The stove was kept in place in order to retain the position of the gas and venting. The designer dropped the sill on the right-side window to the floor. Sleek black cabinetry is topped with Essastone Concrete Pezzato weathered stone on the perimeter, and custom terrazzo on the island.
“We don’t need the full ‘breakfast bar’ that is a feature of so many modern kitchens, as we make a point of eating together as a family at the table for meals,” say the clients. “The stools under the cantilevered bench are usually used while chopping vegetables with a glass of wine in hand.”
Bright red laminate shelves hold the family’s coffee supplies in a delightful reveal.
Pops of red—via the Louis Poulsen lights and Vola tap—are a nod to the homeowner’s favorite hue.
A wall of custom blackbutt cabinetry conceals the fridge and lots of storage.
Large sliders by LaCantina Doors bring ample light into the kitchen, which features a blackened steel pendant by the architects and De Haro counter stools by Fyrn. <span style="font-family: Theinhardt, -apple-system, BlinkMacSystemFont, &quot;Segoe UI&quot;, Roboto, Oxygen-Sans, Ubuntu, Cantarell, &quot;Helvetica Neue&quot;, sans-serif;">Concreteworks countertops, a Wolf range, Kallista sink, and Boffi faucet also fill the space.</span>
The curved wood ceiling leads to a large oculi that brings in all-day sunshine and reinforces the home’s connection between inside and out.
A blue-green "object" joins the kitchen, pantry, powder room, and coat closet together, providing extensive storage for the family and a focal point for the living bar.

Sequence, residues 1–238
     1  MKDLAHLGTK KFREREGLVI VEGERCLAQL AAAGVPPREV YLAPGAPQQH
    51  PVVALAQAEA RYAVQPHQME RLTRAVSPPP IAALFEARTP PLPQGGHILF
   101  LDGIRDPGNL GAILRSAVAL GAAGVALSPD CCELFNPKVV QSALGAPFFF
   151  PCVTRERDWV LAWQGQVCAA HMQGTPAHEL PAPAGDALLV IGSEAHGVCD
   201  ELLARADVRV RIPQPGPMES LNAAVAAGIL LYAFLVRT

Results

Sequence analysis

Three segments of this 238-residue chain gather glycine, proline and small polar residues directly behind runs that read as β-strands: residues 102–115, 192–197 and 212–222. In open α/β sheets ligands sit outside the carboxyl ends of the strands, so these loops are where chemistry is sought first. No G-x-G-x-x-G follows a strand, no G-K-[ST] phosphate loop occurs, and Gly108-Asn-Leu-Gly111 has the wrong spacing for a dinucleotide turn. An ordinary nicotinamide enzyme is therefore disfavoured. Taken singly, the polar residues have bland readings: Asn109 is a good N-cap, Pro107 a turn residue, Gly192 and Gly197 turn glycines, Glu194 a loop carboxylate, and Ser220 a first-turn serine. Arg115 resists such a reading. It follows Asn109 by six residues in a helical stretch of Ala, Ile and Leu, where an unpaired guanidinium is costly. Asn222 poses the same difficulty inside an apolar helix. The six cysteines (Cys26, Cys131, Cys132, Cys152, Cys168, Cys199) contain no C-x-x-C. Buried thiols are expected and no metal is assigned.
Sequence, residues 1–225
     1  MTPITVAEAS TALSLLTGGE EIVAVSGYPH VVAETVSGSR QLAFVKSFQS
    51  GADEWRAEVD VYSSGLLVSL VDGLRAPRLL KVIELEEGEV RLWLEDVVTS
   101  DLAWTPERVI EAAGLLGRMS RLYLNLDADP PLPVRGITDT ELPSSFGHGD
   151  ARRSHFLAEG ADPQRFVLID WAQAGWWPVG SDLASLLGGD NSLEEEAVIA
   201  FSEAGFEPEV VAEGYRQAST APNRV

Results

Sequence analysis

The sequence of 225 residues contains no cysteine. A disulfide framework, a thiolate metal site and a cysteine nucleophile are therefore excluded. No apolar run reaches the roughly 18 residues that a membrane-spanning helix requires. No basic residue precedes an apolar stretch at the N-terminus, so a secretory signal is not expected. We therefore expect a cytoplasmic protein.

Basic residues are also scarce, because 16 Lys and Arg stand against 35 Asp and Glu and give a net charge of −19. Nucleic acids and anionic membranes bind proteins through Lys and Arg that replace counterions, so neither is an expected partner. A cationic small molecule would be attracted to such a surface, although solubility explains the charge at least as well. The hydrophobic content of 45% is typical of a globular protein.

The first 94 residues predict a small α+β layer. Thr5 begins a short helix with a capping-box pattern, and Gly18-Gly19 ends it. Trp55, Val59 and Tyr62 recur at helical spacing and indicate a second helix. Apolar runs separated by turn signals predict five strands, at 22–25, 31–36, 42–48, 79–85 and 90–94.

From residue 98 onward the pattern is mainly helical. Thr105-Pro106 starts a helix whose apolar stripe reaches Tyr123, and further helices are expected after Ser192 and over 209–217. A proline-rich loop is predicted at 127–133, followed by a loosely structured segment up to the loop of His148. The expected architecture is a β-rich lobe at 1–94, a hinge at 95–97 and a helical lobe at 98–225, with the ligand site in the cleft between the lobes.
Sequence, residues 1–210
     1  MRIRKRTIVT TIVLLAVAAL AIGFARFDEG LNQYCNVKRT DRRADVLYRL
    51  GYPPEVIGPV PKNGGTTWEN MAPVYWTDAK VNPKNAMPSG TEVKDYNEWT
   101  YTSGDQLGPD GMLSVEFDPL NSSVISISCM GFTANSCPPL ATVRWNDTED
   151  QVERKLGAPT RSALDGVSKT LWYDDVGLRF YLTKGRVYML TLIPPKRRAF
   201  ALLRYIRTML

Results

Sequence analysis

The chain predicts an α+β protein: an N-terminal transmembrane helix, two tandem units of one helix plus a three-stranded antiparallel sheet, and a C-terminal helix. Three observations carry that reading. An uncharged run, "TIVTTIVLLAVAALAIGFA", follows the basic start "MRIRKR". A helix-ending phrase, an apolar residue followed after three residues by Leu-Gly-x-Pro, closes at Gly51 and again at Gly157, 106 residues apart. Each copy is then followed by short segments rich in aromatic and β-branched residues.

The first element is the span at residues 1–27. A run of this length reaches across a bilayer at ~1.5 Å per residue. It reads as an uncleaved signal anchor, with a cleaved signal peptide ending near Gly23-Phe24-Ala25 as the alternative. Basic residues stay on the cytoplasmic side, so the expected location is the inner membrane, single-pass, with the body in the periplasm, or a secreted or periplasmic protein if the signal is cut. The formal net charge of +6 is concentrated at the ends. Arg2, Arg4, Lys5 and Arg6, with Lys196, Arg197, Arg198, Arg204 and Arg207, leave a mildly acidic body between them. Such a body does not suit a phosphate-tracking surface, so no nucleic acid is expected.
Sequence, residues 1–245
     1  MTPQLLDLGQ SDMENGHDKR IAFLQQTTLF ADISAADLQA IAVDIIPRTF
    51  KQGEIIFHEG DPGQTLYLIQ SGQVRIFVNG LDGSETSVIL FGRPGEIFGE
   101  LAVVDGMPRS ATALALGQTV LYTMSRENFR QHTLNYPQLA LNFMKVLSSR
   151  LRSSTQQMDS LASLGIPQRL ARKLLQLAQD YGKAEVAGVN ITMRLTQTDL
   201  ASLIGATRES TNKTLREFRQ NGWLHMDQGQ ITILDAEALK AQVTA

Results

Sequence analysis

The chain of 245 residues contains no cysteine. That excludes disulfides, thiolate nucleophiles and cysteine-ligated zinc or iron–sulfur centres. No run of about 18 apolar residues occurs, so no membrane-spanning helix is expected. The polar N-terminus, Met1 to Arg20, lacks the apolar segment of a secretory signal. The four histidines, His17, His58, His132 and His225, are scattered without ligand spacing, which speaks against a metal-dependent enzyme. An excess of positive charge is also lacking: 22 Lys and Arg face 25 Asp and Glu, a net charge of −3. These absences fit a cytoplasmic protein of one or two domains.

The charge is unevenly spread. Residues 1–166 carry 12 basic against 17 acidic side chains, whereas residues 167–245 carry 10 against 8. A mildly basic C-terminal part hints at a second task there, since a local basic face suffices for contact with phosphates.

Wine cellar
The kitchen is open to the living area, and the guest bedroom can be seen beyond. The picnic table is by Hudson Workshop, and the bright-red light fixture is by Santa & Cole.
The dairy’s northern facade sits toward the rear the residence, where the dining room, kitchen, and casual meals area are located. An original window, now with acoustic glazing, connects the music studio located within the dairy with the casual meals area.
Custom steel shelving suspended above the kitchen island brings an industrial aesthetic to the interior that compliments the facade of the dairy, which is symbolic of an industrious era.
This artfully minimalist Australian kitchen combines concrete, oak, steel, and prefabricated panels with a substantial marble countertop and backsplash.
The clients love cooking and spend a lot of time in the kitchen, so they wanted a working kitchen which felt connected—but that wasn’t the central point of the home.
An illuminated brick wall makes a lovely backdrop when juxtaposed against this kitchen's glossy black cabinets.
In the kitchen, a glass backsplash is one of many connections to the outdoors. The Hee barstools are by Hay and the Highline pendant light is by Rakumba Lighting Australia.
007 House by Dick Clark + Associates
This midcentury in Armonk, New York, was the personal residence of Arthur Witthoefft, an architect for renowned firm Skidmore, Owings & Merrill. Witthoefft won an AIA First Honor Award in 1962 for his design, and the home was listed on the Register of Historic Places in 2011 after a meticulous restoration profiled in Dwell. The kitchen was modernized with white lacquer and stainless steel.
The firm enlisted their Parisian carpenter to make the cabinets in the "Frey style and color"—stained maple topped with cream-colored quartz. Appliances are all Bertazzoni except for the refrigerator and freezer, which is a Frigidaire Professional. The brick wall would not have been original, but the firm kept it and hand-painted the surface in the style of Le Corbusier’s Parisian apartment.